When we made it to Tamara and Johanne’s house we were greeted by several of their relatives. A man was holding what appeared to be an infant of no more than three months while several toddlers were watching us with anticipation. The father didn’t care if we took pictures and Diane went over and asked to hold the baby. It was so precious. When the American missionaries visit from Lifeline they bring gifts of food and clothing and more important to the children are toys.

Tuesday, May 12, 2009

Haitian children love to go to school.

When we got back to the compound we were able to go through the school. Starting at the school kitchen where three ladies were working hard getting lunch ready for the children and ending walking through the school to the playground. Lunch looked like a thick yellow soup that would be poured into the bowls the children brought from home. The children crowded the window and gave us big smiles. Some sat patiently on the ground talking, laughing and you would not know that for many this may be the only meal they would receive for the day.

The school was an open air building; literally. It was basically a roof over 4 poles with hard benches and a blackboard. And the children didn’t seem to mind at all. In fact they seemed thrilled to be at school and eager to learn how to read and write. The girls had green bows in their hair and both the boys and girls wore uniforms. They carried book bags just like the school children at home except of course, they each had their own bowls for lunch.

Our tour ended at the toddler nutrition clinic on Lifeline’s compound. The parents brought their toddlers to the pavilion and listen to a devotion. Peggy, the only African American with the group, was a beautiful woman who spoke to the Haitians about God’s love. She used John 3:16 and Wanda and Glenda did the hand signals they taught our children. The children sat so still and listened. Then the awaited moment came when the parents took their empty buckets and stood in line for what looked like porridge. It was a thick soup filled with nutrients. Before the mother could take her child and leave the sight of the missionaries two things would happen. First, the child had to eat a good portion of the soup; it was for their benefit. As soon as they left the pavilion they joined the rest of the families and sat underneath the tree sharing the food.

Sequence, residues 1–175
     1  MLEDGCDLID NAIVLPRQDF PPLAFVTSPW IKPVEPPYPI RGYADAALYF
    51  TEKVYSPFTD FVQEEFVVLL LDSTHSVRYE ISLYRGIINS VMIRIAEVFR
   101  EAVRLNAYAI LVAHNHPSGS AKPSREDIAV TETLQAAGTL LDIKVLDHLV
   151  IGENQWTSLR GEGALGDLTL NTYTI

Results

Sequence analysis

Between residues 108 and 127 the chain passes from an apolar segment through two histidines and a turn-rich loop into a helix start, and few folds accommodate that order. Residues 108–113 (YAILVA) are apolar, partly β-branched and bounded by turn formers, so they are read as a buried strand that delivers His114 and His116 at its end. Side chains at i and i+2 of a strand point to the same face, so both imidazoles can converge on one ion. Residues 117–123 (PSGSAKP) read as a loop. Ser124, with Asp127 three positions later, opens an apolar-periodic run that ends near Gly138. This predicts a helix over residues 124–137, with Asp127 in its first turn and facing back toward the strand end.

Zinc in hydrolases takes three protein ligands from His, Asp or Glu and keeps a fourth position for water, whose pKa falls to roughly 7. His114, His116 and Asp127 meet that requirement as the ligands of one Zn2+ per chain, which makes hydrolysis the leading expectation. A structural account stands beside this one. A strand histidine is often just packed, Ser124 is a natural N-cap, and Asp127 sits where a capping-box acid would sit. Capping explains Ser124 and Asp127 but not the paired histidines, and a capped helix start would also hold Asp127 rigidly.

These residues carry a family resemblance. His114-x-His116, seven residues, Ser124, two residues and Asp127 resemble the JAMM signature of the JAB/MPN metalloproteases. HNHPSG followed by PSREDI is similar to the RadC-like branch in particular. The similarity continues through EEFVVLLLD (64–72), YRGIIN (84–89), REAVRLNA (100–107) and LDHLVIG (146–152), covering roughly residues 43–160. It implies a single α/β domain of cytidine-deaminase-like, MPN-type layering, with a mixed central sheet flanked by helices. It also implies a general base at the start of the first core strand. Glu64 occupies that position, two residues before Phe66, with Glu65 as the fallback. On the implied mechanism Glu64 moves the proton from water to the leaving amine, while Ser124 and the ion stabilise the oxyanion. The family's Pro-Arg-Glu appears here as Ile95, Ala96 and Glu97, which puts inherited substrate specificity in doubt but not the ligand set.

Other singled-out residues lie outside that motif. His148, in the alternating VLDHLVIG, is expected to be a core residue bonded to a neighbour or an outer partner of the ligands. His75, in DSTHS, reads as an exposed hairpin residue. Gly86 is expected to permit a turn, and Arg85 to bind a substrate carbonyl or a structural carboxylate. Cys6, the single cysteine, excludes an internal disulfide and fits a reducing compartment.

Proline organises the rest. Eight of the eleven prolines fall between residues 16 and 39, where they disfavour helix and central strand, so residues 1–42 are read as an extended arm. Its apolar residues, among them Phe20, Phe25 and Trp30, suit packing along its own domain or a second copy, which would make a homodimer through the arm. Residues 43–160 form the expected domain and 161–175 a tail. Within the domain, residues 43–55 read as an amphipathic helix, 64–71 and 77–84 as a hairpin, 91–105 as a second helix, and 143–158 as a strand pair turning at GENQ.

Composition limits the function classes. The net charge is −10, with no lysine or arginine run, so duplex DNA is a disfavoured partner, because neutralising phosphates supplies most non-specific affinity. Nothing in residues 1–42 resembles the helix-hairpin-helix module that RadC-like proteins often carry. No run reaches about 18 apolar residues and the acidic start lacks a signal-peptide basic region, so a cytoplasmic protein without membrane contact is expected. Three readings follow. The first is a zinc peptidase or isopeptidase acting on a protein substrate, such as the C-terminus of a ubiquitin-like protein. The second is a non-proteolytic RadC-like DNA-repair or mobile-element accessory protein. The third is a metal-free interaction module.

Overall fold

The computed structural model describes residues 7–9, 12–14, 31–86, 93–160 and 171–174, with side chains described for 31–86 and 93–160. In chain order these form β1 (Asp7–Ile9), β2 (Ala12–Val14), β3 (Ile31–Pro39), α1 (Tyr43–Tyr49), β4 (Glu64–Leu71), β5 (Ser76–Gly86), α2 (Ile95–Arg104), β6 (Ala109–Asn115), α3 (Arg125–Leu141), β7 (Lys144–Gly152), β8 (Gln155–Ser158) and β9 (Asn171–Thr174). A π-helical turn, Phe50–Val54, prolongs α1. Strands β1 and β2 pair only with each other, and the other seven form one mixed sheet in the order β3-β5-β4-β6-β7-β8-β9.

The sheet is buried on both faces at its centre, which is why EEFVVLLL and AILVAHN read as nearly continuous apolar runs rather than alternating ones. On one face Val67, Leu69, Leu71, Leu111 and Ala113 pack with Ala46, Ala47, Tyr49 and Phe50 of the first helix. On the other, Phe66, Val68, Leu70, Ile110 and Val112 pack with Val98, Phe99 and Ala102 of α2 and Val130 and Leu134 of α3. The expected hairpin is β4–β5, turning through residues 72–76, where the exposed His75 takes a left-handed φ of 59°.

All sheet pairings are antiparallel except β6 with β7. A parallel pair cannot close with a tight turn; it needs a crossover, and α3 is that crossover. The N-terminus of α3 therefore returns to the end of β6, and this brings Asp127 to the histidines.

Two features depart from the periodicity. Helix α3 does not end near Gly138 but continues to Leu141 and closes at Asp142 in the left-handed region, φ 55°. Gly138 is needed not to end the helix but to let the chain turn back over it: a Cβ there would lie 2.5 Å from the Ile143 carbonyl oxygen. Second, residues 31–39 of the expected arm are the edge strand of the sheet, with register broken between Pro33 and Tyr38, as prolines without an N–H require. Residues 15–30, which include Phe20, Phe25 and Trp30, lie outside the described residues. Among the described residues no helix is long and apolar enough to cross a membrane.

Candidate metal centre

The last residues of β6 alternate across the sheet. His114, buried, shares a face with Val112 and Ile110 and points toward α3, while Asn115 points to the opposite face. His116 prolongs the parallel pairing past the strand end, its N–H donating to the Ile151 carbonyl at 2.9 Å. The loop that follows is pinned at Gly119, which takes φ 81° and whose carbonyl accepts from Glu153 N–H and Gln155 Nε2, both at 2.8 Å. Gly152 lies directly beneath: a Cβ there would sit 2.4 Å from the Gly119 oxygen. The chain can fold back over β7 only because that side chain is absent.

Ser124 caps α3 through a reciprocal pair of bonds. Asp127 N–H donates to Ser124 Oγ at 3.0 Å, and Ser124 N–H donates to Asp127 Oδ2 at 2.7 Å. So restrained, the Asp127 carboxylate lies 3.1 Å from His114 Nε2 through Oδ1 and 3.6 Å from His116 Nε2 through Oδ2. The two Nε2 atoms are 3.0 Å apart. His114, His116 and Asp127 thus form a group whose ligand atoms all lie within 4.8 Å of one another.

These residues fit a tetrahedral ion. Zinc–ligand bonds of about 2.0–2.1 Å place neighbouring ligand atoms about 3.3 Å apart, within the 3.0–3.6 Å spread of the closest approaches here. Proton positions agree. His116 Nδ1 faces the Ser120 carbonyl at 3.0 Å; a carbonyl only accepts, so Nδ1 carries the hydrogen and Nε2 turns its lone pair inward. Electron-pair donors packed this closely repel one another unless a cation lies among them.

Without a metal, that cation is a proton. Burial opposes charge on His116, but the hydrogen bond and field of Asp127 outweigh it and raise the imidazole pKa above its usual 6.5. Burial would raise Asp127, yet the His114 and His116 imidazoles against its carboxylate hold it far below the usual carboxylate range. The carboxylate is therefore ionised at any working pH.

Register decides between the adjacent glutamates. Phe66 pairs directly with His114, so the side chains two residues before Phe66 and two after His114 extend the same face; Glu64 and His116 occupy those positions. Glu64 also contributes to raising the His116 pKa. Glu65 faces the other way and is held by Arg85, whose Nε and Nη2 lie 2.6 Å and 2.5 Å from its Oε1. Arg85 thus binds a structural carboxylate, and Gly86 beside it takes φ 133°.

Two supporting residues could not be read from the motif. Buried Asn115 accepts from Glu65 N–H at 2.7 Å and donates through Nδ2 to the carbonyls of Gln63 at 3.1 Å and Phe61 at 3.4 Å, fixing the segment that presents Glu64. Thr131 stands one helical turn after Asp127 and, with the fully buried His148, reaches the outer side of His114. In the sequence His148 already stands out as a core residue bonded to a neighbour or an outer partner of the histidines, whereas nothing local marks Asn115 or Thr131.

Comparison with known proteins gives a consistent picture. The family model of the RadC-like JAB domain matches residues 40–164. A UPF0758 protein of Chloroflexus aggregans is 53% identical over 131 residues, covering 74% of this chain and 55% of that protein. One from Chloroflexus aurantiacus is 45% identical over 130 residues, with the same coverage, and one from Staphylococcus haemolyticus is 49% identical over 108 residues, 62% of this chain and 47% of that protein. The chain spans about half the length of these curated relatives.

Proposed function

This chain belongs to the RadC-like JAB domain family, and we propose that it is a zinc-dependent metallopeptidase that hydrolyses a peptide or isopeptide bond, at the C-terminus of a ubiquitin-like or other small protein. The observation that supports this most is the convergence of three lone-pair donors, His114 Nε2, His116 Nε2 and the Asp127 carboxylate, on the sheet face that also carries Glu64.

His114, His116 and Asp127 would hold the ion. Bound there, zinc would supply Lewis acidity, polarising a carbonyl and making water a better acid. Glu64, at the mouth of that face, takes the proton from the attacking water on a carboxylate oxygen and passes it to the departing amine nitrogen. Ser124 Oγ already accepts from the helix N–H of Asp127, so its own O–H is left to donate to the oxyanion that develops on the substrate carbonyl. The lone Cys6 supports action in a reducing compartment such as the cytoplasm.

Second, they were prayed over. It didn’t matter that they did not know what we were saying for they understood "in the name of Jesus". I had to hold back the tears. There were times I didn’t know what to pray or say. I felt incapable of knowing what their needs were. I prayed they would know the love of Christ. Now I know why Paul prayed for us to know the love of Christ…some earthly needs may never get met. Some will go hungry night after night. Some will die from malnutrition. Malnutrition, when there is a food surplus in the United States. WHY!!?? Maybe this will get me fired up to do something about it.

A young mother stopped me and wanted me to take a picture of her two little boys. They each had on white sock caps, which surprised me because it was so hot. Then she pulled off her youngest son’s hat and his air was orange. I really didn’t know until later that the little guy was malnourished and that is why is hair had turned orange.

After the toddlers were fed their parents had to attend a class where a local nutritionist taught them about the feeding their children. Most do not know their children need food regularly or if they nurse them the child rarely gets the nutrients because the mother’s can’t produce enough milk because of their own malnourished bodies. There was a very young mother who brought her twin infants to the clinic. The nurses were teaching her how to feed them. She looked young but so did the nurse and she was thirty three and just getting married. Diane picked up one of the twins. It was so awesome to see Diane’s heart.